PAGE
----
Archive for September, 2015

Why Travel Alone

Because travel alone is often to one’s advantage. There usually is no distraction by travel companions and groups. Local culture can be more appreciated and people can be met easier. In other words: the traveler learns more. Secondly, as a single traveler I can often get much better deals, be it transportation or markets, or anything else I need. I see it again and again when observing tourists talking among themselves, in their own language I might add, being little aware of the local architecture and surrounding. I like to talk to locals. A big help is foreign languages’ knowledge. I learned a lot. I made friends when I traveled, and often stayed in touch after we parted. Immersing yourself in local culture is a rewarding and wonderful experience. Except, today we live in a different world. This type of approach can easily become a hazard to one’s safety. For example, I have spent a couple of months in North Africa, The Maghreb. I speak French, that helps. Today, I would be very careful and recline voyages to certain countries. Russia, Saint Petersburg, one of the most beautiful and culture-rich cities in the world. Possible to go alone. Most Russians are friendly people, most speak at least German. Or as I noticed many years ago when travelling (former) Yugoslavia, in the hotels also French was spoken. In the country, at that time, I had more problems, despite my Serbo-Croatien dictionary, most women on the train I had taken out of Zagreb, did not read. That was then. Today, with so many displaced people around the world, one does not know anymore in which country one is. Including my own home country in Europe. There I am a foreigner, while others like Africans, Balkan, or Middle East, Indians or from anywhere else, are the natives of my former home land. [Verkehrte Welt !]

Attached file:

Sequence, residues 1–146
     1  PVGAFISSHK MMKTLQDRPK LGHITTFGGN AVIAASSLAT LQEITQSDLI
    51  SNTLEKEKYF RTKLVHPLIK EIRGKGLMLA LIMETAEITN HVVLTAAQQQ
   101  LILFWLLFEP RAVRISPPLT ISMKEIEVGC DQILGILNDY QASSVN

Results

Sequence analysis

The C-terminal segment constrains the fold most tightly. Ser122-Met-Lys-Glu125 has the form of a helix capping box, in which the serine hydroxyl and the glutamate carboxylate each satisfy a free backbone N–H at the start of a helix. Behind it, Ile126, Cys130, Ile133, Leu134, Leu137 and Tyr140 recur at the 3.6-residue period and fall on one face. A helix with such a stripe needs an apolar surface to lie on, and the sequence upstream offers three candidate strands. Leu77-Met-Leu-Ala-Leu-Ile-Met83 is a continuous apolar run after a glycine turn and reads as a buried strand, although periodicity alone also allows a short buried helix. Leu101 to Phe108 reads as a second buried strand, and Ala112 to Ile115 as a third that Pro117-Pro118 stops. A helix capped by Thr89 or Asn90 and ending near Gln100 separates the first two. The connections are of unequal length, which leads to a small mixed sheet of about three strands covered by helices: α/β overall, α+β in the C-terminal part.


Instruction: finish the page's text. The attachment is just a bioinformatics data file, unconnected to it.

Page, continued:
This year 2015, it is exactly fifty years ago that I had left my Homeland. In fact, there is no Home- Land, because during WWII it has been completely destroyed. Now rebuilt to certain (more or less historic) standards, some like it – mostly tourists – others know that all rebuilding cannot recover any cities to what they were. Old historic cities dating back to many centuries ago. But more than that, it is not only buildings that make a country, a nation, a homeland, or a town. It is the people. Since WWII, which ended May 1945, not many who survived the war (like I did from start 1939 to end 1945) are still alive today. I was very young during the years of bombings, but still remember. Today’s population in my homeland are so different, mainly because they arrived from many countries to settle down. You could say: “we build it, and they come”.
The rebuilding – mostly in the beginning removing rubble – after 1945 re-started slowly and picking up pace, the first years single handedly done by women. Since there were not many men, they had perished at the Russian Front. The few civilians that were left after the many years of Allied bombings (killing off most of them), had to do the hard work. Now, after forty years in North America, I still do not consider where I am now, my HomeLand. I have no HomeLand.